Gone Fishing: Equations
Students will understand the meaning of the equal sign. Students will be able to determine whether equations involving addition and subtraction are true or false.
- Remind students the meaning of the less than (smaller), greater than (bigger), and equal to (same) symbols in numerical sentences. Explain that the value of both sides of the number sentence must be correctly represented by the symbol.
- Have your students read number sentences as they would read a sentence in a book. For example, 1 + 1 = 2. Explain that this is true because the value of both sides is the same. Tell your students that the example 1 + 1 > 2 is not true.
- Tell your students that they will be working to find the right symbol to make sure the number sentences are true.
Explicit Instruction/Teacher Modeling(5 minutes)
- Review with students, through simple examples, numerical sentences that practice these symbols. Examples used might be: 6 - 1 < 7, 6 - 1 > 4 and 6 - 1 = 5.
Guided Practice/Interactive Modeling(10 minutes)
- Play Less Than or Greater Than: 1 to 20 with your students, explaining what true and false statements are.
Independent Working Time(10 minutes)
- Pass out worksheets to your students based on skill level, and review the directions.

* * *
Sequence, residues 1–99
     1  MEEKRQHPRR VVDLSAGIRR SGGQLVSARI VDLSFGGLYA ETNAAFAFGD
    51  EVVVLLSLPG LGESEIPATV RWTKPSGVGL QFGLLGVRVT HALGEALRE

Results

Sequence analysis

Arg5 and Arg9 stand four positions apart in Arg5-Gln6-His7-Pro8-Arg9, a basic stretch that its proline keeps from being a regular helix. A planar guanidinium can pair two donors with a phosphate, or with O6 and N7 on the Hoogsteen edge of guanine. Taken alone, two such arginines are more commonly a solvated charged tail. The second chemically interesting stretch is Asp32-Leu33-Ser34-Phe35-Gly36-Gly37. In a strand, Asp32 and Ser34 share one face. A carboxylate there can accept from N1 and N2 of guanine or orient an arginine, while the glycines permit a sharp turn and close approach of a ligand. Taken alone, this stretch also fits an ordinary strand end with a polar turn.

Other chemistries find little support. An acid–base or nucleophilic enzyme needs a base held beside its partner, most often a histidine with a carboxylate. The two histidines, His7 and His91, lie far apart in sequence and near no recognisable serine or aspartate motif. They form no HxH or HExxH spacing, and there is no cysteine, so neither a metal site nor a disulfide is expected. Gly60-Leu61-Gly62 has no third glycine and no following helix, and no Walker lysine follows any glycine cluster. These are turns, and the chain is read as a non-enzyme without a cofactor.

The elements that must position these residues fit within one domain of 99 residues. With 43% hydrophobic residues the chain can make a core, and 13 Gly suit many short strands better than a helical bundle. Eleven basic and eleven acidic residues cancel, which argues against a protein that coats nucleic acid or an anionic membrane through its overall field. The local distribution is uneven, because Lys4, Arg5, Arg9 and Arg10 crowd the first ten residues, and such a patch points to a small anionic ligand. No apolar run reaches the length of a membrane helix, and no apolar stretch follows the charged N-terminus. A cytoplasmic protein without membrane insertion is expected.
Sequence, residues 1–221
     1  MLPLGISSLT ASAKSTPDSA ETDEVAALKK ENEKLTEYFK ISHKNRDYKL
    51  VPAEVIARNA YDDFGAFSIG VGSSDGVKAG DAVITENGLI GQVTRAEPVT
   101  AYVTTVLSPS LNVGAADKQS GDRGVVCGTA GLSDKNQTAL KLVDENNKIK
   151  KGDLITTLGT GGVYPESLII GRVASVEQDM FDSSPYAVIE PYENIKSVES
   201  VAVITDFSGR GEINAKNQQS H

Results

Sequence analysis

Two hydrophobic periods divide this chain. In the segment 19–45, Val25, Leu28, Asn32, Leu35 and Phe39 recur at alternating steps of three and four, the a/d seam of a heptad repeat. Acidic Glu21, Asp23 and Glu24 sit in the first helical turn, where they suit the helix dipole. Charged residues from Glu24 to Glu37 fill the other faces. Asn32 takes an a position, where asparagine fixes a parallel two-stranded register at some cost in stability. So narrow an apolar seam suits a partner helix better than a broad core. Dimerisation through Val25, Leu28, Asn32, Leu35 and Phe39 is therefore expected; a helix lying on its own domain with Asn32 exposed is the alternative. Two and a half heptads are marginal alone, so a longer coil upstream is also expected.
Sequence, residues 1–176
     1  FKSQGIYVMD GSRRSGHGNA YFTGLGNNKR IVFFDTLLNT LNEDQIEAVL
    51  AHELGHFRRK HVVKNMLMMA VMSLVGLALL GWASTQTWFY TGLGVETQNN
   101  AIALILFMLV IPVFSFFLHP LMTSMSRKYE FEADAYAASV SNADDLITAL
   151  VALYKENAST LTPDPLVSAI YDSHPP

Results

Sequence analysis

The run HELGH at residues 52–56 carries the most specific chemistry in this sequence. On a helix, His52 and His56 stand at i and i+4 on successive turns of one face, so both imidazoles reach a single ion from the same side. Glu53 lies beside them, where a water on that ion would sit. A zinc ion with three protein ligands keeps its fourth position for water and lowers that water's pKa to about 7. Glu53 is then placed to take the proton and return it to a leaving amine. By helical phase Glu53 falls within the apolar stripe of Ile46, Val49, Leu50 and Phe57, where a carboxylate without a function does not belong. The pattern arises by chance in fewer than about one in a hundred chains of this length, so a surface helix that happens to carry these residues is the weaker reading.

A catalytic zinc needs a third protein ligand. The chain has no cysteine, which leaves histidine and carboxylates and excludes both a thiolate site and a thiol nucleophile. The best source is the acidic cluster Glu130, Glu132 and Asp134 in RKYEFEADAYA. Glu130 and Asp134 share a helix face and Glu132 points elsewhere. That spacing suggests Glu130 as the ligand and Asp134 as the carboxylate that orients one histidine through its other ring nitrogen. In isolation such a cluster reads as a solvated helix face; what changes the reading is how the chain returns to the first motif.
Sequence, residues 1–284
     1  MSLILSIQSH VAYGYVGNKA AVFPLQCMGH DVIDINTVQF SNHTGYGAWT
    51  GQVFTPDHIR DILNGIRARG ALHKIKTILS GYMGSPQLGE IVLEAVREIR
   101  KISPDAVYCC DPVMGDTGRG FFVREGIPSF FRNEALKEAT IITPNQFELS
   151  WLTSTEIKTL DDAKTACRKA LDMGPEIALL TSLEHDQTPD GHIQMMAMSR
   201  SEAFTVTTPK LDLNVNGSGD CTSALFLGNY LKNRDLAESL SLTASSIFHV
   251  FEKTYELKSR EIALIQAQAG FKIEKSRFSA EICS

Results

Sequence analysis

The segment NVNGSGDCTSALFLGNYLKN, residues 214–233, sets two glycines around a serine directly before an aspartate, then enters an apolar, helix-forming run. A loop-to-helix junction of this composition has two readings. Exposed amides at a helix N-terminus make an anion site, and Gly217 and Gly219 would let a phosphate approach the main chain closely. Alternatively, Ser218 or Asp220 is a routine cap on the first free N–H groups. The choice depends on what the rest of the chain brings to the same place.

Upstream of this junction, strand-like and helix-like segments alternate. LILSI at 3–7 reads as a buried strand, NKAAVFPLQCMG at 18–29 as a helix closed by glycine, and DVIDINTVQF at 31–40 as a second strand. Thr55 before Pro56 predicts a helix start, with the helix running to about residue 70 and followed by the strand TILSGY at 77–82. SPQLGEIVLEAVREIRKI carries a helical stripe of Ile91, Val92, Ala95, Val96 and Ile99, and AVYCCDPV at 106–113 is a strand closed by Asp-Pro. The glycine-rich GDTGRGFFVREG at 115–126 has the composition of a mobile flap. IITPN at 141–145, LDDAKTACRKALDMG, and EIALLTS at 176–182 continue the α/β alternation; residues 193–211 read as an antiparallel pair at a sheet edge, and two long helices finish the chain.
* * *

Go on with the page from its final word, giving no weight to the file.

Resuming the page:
- Walk around the classroom, making sure that your students are following instructions and completing appropriate level worksheets.
- Enrichment: Give students more challenging worksheets from the workbook, such as mixed addition and subtraction worksheets.
- Support: Give students worksheets that are easier to complete.
- Direct your students to write an example of a number sentence that is true and a number sentence that is false in their math journals.
- Have them label these examples “true” and “false” and explain why the sentences are true or false.
Review and Closing(5 minutes)
- Quickly quiz students as a whole group with flash cards of true or false number sentences.
- Have students respond to true number sentences with a thumbs-ups or a thumbs-down.